The fishermen’s demand of not to permit any more foreign fishing vessels in India is overruled by the Committee headed by Dr. Meenakumari in the report entitled ‘Report of the Expert Committee Constituted for Comprehensive Review of the Deep Sea Fishing Policy and Guidelines’. This report recommended a fleet size of 1178 Deep Sea Fishing Vessels (DSFVs) for deployment in the Indian Exclusive Economic Zone (EEZ). This includes the existing DSFVs and the additional numbers of 270 vessels (240 tuna long liners, 15 purse seiners and 15 squid jiggers). The Committee also contended that the estimated marine resources in the EEZ are 4.41 metric ton.
The Committee under estimated the fishing capacity and expertise of the Indian fishermen. The contention of Committee is that Indian fishermen are not trained to work on DSFVs, and recommended for the engagement of foreign crew in onboard DSFVs with an annual salary of US $ 25,000; till the requisite skill is developed in the country. The versionn of the Committee is that India is presently lacking expertise to exploit resources in marine waters, beyond 500 meters. Hence technology transfer through acquisition of foreign fishing vessels and, or, joint ventures/leasing, etc. may be considered for this area till the domestic capacity is fully developed. The Thoothoor fishermen in the lower south-west coast of India are capable of fishing beyond 500 meter depth; as their normal fishing area is beyond 500 meter depth. They spend more than 35 days in the deep sea for fishing.
Another issue to be addressed is the ‘depletion of marine resources and need for sustainable fishing methods’. The sustainable fishing methods have been advocated by many agencies state, central, and international levels. This approach is targeted towards the sustainable livelihood fishermen, the marine resource dependent communities. If the conservation approaches in fishing is for the sake of fishermen, how can one consider the foreign fishing vessels that are detrimental to marine wealth? The foreign vessels can fish any species anywhere in India! The Ministry of Environment and Forests, conservationists are coming with the proposal of ban of sharks, ray fishes, etc. But in India we have 4.41 metric ton marine resources and among the resources what is the percentages of sharks and ray fishes?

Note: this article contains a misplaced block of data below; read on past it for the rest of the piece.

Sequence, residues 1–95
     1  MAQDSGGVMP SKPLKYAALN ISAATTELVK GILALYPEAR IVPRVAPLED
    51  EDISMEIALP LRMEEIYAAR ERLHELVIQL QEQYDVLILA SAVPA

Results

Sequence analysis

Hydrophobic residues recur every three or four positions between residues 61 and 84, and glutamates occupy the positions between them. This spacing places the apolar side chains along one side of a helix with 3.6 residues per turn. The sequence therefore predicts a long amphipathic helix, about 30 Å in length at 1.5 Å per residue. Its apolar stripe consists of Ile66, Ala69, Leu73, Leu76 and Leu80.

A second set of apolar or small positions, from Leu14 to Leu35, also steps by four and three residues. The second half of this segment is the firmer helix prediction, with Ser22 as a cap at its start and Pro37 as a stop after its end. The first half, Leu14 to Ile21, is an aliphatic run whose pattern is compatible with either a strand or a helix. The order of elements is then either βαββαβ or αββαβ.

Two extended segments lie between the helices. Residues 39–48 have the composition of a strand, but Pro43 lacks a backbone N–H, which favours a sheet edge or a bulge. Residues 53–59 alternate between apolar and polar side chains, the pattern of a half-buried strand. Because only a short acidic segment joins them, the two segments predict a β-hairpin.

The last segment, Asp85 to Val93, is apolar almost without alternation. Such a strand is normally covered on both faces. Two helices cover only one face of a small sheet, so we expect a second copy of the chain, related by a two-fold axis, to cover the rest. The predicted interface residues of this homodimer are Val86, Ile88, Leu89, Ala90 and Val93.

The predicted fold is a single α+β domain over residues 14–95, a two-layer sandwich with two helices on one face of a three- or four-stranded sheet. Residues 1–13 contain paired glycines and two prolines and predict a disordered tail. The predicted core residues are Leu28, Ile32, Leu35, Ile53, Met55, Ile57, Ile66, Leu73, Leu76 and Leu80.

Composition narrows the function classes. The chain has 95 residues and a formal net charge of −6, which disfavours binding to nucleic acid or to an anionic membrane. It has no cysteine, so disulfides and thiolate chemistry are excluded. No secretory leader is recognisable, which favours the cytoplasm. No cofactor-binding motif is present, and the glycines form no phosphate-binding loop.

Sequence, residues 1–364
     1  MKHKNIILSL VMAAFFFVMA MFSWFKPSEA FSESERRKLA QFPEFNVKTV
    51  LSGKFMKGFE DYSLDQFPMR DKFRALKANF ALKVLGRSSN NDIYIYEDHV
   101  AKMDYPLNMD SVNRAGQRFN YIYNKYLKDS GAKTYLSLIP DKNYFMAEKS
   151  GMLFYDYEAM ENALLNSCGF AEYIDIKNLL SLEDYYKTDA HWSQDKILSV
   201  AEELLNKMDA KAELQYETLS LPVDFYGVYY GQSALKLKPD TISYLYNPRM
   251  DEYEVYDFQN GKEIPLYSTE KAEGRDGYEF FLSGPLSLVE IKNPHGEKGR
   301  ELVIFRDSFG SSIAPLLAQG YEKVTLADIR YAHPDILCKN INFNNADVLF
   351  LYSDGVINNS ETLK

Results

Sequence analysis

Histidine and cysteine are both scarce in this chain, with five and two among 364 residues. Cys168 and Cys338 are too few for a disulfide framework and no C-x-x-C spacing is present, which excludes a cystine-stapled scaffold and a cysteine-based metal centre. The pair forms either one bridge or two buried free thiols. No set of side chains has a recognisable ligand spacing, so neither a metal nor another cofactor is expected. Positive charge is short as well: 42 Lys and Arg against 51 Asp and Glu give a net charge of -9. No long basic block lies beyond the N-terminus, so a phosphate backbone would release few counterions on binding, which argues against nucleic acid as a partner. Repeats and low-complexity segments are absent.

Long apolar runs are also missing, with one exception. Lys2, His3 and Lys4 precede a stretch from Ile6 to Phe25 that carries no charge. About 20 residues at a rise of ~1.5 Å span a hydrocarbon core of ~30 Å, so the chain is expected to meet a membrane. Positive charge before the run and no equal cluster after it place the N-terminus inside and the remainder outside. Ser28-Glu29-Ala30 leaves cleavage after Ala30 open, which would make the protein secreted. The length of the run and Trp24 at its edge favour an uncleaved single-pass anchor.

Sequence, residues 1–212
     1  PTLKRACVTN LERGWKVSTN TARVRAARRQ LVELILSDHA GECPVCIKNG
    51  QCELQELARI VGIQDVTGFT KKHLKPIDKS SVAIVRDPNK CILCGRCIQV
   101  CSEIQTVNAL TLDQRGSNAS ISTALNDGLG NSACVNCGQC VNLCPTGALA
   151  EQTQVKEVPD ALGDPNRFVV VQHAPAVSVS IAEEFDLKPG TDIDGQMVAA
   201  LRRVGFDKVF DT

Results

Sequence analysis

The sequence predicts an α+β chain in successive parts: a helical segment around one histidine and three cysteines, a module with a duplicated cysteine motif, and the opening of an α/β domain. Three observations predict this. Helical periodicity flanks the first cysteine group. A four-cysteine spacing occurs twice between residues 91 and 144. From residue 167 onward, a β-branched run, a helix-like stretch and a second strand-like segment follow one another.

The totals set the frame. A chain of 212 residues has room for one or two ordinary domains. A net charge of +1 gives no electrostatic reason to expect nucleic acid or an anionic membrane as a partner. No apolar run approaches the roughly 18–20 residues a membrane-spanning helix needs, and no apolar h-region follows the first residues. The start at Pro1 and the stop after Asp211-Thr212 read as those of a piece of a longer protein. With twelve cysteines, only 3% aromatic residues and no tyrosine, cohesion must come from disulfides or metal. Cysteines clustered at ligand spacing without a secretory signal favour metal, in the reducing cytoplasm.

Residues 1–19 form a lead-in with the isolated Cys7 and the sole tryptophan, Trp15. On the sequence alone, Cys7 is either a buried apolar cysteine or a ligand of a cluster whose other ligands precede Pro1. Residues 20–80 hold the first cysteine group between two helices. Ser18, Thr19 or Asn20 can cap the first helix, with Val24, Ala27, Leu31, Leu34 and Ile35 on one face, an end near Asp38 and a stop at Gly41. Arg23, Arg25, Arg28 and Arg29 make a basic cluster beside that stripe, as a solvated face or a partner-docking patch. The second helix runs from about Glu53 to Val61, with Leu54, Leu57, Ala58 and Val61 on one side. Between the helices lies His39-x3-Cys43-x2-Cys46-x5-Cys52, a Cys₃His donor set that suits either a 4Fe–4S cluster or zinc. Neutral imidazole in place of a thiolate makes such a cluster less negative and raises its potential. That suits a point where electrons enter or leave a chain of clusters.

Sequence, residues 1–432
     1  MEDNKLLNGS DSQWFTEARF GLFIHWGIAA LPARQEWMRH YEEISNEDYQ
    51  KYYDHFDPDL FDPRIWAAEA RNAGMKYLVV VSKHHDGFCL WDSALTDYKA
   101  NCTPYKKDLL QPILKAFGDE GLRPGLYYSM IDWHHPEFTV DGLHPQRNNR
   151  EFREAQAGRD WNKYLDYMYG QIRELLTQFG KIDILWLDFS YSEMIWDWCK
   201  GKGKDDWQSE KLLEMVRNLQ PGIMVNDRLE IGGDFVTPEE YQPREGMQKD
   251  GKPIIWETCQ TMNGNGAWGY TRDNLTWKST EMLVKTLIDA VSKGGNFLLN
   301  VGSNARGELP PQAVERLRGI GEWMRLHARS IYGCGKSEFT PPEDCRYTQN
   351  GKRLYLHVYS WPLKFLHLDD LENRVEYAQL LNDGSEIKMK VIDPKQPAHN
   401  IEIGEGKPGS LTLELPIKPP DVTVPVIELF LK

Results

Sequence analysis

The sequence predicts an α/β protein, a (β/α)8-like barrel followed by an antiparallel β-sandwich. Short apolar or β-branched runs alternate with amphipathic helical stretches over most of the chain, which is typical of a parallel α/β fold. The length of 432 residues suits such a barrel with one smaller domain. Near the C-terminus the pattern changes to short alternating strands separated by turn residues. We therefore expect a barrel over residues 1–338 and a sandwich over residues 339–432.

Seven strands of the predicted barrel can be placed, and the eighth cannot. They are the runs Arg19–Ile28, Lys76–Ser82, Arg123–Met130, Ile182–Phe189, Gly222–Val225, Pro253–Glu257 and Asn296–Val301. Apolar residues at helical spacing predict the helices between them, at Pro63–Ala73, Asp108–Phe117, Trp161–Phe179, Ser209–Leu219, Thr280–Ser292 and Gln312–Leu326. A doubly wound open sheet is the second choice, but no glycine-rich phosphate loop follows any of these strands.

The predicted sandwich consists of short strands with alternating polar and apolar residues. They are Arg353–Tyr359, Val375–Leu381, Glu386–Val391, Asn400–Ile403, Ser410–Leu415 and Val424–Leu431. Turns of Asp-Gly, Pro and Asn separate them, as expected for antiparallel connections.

In the above context, fishermen are very much distressed. With this backdrop, ADSGAF had a special executive meeting to discuss the two issues on 18 September 2014. Mr. Selvorian, the President of the ADSGAF chaired the meeting. The followings are the major decisions taken at the meeting.
- ADSGAF decided to prepare a Fishing Policy as an alternate to the one proposed by the Committee headed by Dr.Meenakumari titled ‘Review on Comprehensive Deep Sea Fishing Policy’; submitted to the Government of India. The responsibility for preparing the said policy is given to Mr. J.Vincent Jain, Chief Executive, ADSGAF. Time duration given for the completion of the report is 6 months. He has to consult fish workers representative, Scientists, fisheries experts, government officials, etc for the preparation of the report.
- ADSGAF also decided to join with the NFF for the national level protest against the controversial Deep Sea Fishing Policy and also give solidarity in connection with the above
- ADSGAF decided to give leadership to the move against the unscientific and impractical banning of fishing of sharks. ADSGAF decided to attend the National Consultation on Deep Sea Fishing Policy and Conservation of Sharks organized by NFF.
- ADSGAF decided to create awareness to the fishermen by exhibiting pictures of sharks and ray fishes which are put under the appendix II of CITES in the villages of Neerodi, Marthandanthurai. Vallavilai, Eraviputhenthurai, Chinnathurai, Thoothoor, Poothurai and Eraimanthurai with the support of HSI-India.
- ADSGAF decided to organize a special meeting at sea on 20 September 2014 by inviting visual Medias to demonstrate the methods of fishing by using nets, hooks and line etc.